Faster than shipping, cheaper than air freight, railway illustrates benefits of B&R initiative

By Chu Daye in Chongqing Source:Global Times Published: 2016/5/16 22:13:01

The Chongqing-Xinjiang-Europe International Railway traverses Europe, Central Asia, Russia and China. It is an example of the benefits of China's "One Belt and One Road" (B&R) initiative. The railway represents a new form of cargo trade that officials said is a viable option for the modern supply chain, which is characterized by smaller orders, multiple dispatches and high delivery frequencies. Despite the attention the railway has received in China, European companies have yet to take full advantage of the railway, which currently carries more goods from east to west than west to east.

A train carrying 80 twenty-foot equivalent units leaves a train depot in a suburb of Southwest China's Chongqing Municipality on Thursday. The cargo will arrive at Duisburg, Germany two weeks later. Photo: Chu Daye/GT

Graphics: GT

At 10 am on Thursday, after two blasts of a deafening train whistle, a freight train carrying 80 twenty-foot equivalent units (TEU) set off from a train depot in a suburb of Southwest China's Chongqing Municipality. In about two weeks, it will arrive at its destination - Duisburg, Germany.

"The train will travel at 120 kilometers per hour, the top speed for cargo trains [in China]," the train's operator told the Global Times shortly before departure.

The train will traverse a meandering track through China for about two days before exiting the country at the Alataw Pass in Northwest China's Xinjiang Uyghur Autonomous Region. It will then pass through Kazakhstan, Russia, Belarus and Poland before reaching its ultimate destination in Germany.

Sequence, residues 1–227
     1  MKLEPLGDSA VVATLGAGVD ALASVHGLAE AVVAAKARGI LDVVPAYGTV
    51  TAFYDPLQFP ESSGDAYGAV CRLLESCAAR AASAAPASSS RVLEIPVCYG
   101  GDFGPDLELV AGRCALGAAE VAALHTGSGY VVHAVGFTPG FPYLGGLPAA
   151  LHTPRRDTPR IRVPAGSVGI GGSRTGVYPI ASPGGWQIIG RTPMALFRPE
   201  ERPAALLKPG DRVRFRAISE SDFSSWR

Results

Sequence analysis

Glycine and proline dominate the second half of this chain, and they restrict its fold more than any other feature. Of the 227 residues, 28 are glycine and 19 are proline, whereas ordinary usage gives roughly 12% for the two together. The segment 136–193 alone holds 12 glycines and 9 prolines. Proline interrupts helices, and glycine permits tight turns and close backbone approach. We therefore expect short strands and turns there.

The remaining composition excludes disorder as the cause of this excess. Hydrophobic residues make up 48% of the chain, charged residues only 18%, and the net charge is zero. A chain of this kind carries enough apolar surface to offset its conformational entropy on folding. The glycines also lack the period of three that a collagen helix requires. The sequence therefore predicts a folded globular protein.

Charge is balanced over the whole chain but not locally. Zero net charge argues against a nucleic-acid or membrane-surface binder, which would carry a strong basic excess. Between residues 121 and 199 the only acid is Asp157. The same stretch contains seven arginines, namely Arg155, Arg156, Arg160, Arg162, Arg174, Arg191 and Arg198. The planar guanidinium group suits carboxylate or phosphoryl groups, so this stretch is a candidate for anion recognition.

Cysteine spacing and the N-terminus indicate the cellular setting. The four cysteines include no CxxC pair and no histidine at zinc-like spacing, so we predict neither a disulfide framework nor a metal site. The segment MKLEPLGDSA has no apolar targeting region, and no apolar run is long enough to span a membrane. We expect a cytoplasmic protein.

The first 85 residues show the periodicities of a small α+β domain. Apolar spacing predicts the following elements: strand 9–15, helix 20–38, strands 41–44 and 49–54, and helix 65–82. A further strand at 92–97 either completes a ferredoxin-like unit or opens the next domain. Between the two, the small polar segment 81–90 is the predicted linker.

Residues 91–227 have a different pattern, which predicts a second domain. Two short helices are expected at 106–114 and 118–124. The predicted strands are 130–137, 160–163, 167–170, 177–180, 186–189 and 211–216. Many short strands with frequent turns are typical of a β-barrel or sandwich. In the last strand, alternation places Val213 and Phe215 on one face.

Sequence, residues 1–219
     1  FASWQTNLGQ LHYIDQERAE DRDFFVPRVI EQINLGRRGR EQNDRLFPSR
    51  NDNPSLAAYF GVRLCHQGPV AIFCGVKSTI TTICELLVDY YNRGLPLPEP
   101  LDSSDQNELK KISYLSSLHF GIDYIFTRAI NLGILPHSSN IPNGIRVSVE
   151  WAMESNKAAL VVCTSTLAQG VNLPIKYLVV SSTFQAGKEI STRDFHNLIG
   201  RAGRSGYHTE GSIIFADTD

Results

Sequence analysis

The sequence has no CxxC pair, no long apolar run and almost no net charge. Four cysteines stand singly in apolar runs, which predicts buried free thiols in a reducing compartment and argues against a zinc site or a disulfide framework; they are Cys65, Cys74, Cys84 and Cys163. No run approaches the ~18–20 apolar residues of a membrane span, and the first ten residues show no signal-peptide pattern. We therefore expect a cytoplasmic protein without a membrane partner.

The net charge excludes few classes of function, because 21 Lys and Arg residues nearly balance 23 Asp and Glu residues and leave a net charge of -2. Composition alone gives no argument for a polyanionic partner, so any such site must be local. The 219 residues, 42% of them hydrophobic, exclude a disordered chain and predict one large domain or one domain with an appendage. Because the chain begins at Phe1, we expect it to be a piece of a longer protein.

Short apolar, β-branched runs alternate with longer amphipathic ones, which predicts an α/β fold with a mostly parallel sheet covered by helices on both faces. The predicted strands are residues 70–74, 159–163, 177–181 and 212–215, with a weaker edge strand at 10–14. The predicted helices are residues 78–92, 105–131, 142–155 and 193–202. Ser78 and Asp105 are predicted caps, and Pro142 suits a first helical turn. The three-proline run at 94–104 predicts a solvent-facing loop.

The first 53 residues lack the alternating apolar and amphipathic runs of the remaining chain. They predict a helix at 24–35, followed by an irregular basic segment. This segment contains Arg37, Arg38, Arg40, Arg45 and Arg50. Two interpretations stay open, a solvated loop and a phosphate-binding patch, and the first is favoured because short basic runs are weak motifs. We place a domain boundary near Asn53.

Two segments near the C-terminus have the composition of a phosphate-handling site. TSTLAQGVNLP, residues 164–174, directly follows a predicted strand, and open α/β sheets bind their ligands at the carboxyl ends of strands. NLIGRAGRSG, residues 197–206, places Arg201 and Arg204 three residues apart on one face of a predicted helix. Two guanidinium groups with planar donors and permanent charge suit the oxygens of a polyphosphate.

At the Alataw Pass, the containers will be loaded onto trains from Kazakhstan to cope with the wide gauge in the country. The locomotive and trailers will stay in China.

This railway, one of many Sino-European rail links, is known as the Chongqing-Xinjiang-Europe International Railway, or Yuxinou. The route is the first among all such rail links and it currently handles about 80 percent of total cargo volumes from China.

In the first four months of 2016, 83 trains carrying 6,948 TEUs in goods worth $549 million left Chongqing for Europe, data from the Chongqing Customs District showed.

Chongqing, China's only inland municipality, is the fastest growing locality on the mainland. In 2015, its GDP grew by 11 percent, 4.1 percentage points higher than the national average.

The city has become China's largest automobile producer, according to media reports. It also manufactures about 40 percent of the world's laptops and 30 percent of China's motorcycles.